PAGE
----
“Charlie’s Angels”: Charlie’s angels have taken a few wrinkles

EThey were three. They were beautiful. But that was certainly not their main asset, because they were above all intelligent and capable of solving any investigation entrusted to them by their boss, Charlie Townsend, via his small intercom. They were called Jill, Sabrina and Kelly and, when they appeared on the small screen in 1976, they brought a little vanilla-scented breeze to American detective series. Paramount has been broadcasting the entirety of Funny ladies. One thing is certain, these 115 outrageously but deliciously kitsch episodes have taken more wrinkles than the actresses, always dressed to the nines.

“Once upon a time there were three beautiful girls who decided to join the police. But they had been confined to work that was not very exciting. So I, Charlie, pulled them out of this nightmare to hire them. And I don’t regret it, because these are really Charlie’s Angels. This little introductory text repeated by a slightly outdated male voice gave the go for each episode of funny ladies, in case some subtleties of the concept have escaped us. Then followed an energetic and glamorous credits, presenting our three heroines in poses of top-model more than of detective, all on the now famous musical theme, composed by Allyn Ferguson and Jack Elliott.

Place for women

In the language of Shakespeare, the “three beautiful girls” are “angels” and the narrator ends his pitch by introducing himself: ” My name is Charlie. Hence the original title of the series: Charlie’s Angels (understand Charlie’s Angels). But in France, fashion is for creativity when it comes to titles. The game is all about bonding with a popular reference. Here the funny drama de Carné will serve as a model. A wacky idea that borders on genius as the expression “ladies’ funny” has entered common parlance.

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It was not until January 1978 that these three tornadoes light up the Sunday afternoons of Antenne 2. Success is there. The three young women flanked by their darling Bosley, the right arm of a Charlie who we will never see in five seasons, take possession of the front pages of magazines and quickly become a phenomenon of society, as was already the case in their original homeland.

If today the intrigues of Charlie’s Angels They seem nunuches to us, at the time, they come to give a gloss to the sacrosanct detective genre hitherto squatted by heroes smelling good after-shave and very large deodorant stick. Mannix, Iron Man, Very Special Agents, Starsky and Hutch… There are countless heroes, as irreproachable as they are effective, who thrill American television audiences. Alone since 1974, the Sergeant Anderson worn by the blonde Angie Dickinson manages to play brushing to get a place in this court of males. The heroine, a divorced woman totally devoted to her career, will remain a reference in terms of detective series, and will have the honor of being “President Ford’s favorite series”, but will never be a popular success.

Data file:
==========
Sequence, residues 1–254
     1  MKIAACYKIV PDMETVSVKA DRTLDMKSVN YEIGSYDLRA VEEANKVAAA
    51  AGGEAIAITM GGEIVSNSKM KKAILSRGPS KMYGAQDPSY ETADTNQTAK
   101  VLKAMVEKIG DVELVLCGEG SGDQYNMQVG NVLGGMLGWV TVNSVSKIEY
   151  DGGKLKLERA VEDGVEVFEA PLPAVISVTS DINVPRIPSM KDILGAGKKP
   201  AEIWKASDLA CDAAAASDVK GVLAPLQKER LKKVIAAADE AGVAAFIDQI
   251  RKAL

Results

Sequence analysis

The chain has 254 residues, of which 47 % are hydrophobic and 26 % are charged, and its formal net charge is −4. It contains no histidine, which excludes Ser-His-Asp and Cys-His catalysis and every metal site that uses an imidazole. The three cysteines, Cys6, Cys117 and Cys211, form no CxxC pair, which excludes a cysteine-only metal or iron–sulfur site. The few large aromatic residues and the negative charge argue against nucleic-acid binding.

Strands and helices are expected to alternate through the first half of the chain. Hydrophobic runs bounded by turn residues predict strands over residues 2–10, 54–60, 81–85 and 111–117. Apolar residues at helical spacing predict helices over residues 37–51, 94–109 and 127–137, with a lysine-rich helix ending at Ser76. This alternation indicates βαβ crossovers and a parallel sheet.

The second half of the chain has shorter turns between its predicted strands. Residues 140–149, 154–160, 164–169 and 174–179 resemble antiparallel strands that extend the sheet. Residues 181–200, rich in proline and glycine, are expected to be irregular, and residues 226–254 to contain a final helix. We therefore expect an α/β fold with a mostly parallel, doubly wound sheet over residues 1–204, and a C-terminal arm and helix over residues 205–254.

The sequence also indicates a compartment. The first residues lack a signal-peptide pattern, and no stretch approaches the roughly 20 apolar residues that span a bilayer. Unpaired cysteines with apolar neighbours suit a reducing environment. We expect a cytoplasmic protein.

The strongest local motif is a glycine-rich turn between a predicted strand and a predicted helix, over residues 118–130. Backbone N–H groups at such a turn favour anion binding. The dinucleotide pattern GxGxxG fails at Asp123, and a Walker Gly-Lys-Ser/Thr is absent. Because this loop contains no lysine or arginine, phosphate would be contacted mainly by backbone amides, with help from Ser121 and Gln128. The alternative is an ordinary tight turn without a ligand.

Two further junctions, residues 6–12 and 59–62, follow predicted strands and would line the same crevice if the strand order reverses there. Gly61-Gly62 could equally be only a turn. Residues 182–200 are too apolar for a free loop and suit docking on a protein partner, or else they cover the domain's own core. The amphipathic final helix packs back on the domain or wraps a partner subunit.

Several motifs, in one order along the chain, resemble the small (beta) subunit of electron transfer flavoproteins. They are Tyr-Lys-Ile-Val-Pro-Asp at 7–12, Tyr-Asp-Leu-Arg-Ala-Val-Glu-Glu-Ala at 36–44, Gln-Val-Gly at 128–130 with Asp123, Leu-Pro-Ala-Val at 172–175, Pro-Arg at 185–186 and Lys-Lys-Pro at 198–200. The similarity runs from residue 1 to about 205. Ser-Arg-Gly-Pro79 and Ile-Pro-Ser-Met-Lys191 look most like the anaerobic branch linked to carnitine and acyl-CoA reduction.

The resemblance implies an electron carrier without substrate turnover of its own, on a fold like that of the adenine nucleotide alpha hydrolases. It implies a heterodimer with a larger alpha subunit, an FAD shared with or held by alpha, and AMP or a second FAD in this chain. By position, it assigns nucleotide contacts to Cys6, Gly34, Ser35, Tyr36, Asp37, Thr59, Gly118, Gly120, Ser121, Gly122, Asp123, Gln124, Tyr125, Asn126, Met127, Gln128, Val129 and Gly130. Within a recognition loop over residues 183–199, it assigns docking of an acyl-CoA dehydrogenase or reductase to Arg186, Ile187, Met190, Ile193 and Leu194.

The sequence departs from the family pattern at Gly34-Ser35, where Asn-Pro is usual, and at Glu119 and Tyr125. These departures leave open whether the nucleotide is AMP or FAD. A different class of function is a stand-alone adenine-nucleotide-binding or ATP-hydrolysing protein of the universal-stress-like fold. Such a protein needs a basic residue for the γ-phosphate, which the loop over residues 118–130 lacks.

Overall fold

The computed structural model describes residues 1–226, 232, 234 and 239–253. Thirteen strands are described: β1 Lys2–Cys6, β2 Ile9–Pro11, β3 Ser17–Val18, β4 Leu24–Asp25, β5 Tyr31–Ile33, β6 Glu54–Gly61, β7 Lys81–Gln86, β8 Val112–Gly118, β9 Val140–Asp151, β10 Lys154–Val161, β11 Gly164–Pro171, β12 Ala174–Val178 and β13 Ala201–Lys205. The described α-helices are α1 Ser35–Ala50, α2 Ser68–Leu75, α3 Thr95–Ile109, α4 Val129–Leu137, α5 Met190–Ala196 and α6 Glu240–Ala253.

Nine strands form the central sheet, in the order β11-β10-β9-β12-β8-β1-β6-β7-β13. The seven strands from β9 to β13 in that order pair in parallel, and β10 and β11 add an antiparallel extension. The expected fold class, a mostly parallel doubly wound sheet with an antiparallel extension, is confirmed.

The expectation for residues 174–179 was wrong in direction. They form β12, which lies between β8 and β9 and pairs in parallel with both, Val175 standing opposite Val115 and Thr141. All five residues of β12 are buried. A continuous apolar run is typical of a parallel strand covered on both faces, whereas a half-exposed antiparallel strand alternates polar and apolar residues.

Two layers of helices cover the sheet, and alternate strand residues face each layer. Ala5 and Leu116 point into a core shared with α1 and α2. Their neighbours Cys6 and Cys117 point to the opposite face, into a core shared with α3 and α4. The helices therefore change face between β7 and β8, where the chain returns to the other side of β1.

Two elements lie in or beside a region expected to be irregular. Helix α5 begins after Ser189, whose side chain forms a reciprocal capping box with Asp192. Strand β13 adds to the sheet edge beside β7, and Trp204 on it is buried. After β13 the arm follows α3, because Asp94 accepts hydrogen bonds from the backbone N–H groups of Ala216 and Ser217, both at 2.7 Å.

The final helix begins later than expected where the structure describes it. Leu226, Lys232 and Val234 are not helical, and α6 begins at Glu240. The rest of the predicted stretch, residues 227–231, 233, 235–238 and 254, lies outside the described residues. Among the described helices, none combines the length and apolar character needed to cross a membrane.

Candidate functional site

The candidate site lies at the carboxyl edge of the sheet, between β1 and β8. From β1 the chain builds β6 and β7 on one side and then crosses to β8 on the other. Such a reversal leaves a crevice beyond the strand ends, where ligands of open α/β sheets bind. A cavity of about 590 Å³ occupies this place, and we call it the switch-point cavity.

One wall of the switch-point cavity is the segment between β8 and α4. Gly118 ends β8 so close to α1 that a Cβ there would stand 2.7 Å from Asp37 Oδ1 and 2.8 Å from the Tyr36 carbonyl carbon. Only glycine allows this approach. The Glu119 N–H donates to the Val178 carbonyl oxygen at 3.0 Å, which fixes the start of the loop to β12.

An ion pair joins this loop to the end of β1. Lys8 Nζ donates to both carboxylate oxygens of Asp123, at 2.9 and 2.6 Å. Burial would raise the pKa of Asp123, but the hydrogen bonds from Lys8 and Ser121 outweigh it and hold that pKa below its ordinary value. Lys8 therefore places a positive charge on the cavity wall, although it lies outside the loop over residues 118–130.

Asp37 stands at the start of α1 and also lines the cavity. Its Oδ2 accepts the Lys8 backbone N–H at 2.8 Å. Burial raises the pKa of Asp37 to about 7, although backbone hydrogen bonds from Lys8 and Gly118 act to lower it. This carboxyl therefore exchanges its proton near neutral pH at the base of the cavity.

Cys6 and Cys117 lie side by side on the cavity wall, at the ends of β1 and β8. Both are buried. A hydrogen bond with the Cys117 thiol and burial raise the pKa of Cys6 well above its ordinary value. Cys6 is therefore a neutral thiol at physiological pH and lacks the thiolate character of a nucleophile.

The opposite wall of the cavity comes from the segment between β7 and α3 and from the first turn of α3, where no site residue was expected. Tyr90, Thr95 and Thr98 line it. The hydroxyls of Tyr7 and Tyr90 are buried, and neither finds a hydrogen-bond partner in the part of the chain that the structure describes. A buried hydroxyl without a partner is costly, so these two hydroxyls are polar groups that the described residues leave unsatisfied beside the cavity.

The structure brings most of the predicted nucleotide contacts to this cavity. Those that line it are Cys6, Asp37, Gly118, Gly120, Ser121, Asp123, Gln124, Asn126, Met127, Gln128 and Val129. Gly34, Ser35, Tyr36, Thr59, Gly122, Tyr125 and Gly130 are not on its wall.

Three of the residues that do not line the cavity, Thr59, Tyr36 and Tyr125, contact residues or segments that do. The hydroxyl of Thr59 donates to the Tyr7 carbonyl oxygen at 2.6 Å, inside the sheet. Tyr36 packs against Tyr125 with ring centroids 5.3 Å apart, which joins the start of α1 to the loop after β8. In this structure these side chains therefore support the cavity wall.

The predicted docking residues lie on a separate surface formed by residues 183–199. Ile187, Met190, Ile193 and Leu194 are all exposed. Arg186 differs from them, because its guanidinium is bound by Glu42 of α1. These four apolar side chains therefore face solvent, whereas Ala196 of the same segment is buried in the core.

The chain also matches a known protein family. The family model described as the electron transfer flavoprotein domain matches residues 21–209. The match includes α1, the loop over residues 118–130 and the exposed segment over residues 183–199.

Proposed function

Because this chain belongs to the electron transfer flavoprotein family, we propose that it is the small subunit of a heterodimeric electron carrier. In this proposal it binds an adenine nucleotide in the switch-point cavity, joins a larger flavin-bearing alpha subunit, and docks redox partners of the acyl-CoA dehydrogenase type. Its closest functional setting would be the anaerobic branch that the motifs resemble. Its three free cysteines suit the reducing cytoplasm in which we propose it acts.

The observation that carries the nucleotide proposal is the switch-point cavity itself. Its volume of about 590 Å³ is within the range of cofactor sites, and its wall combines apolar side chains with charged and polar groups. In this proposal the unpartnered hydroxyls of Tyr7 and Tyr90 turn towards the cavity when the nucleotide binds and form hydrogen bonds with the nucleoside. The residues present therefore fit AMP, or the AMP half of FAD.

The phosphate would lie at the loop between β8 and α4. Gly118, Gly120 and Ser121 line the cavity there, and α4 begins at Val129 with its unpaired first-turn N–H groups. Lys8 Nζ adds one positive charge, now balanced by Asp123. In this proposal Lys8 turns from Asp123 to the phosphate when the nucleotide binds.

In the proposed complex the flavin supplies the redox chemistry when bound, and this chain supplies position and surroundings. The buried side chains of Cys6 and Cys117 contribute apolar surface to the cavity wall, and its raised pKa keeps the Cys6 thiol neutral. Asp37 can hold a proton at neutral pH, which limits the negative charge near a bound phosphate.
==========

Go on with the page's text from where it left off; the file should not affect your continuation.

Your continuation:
After Super Jamie and wonder woman

When “Charlie’s Angels” land on ABC, the field is occupied by Super Jamie and wonder womanwho managed to seduce the channel bosses… But question of identification, we will come back, their superpowers giving them a place of their own in the universe of series which at the time eyed cheap science fiction, often laughable .

However, the public seems to be asking for more. Super Jamie (Lindsay Wagner) was initially just a guest character on the show The 3 Billion Man, and also passed the weapon on the left after two small episodes. It was reckoning without the plebiscite of the viewers, which forced the production to “resurrect” it to entrust it with its own show.

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Aaron Spelling, as a well-inspired producer, seeks to ride this emerging feminine wave. His detective series The Rookies (unpublished in France) and Starsky and Hutch offer great evenings at ABC, but his goal remains to find a new goose to boost his rising career. He will therefore find three of them, with his famous Charlie’s angels. And to rush to the direction of the chain to propose his project. In vain.

Our man not being the type to be discouraged, two years later, he tried his luck again with Fred Silverman, freshly appointed to the direction of ABC Entertainment with the mission of finding the novelties that will allow him to catch up on NBC and CBS. It is therefore thanks to him that our ladies will finally come to life. A single watchword: our brilliant detectives will have to be smart and shrewd, of course, but above all they will be responsible for making the housewife in charge of purchases dream… and her husband if possible.

Casting launched. Michelle Pfeiffer and Kim Basinger fail, but the production gets their hands on Kate Jackson, Jaclyn Smith and Farrah Fawcett. The first is not a total unknown and Spelling has already worked with her on The Rookies. Sharp physique, elegant histrionics, she will be Sabrina Duncan, the “brain” of the band. The second is unknown. A model in her spare time, she has lit up TV commercials for soap or shampoo with her smoldering gaze. Spelling entrusts her with the role of Kelly Garrett (she will be the only one to appear in the credits of the five seasons). Jill Munroe, meanwhile, will be played by Farrah Fawcett Majors and we can say that her undeniable charisma coupled with her blonde mane will be instrumental in the immediate take-off of the audiences. Charlie’s Angels was the most watched series of the 1976-1977 season.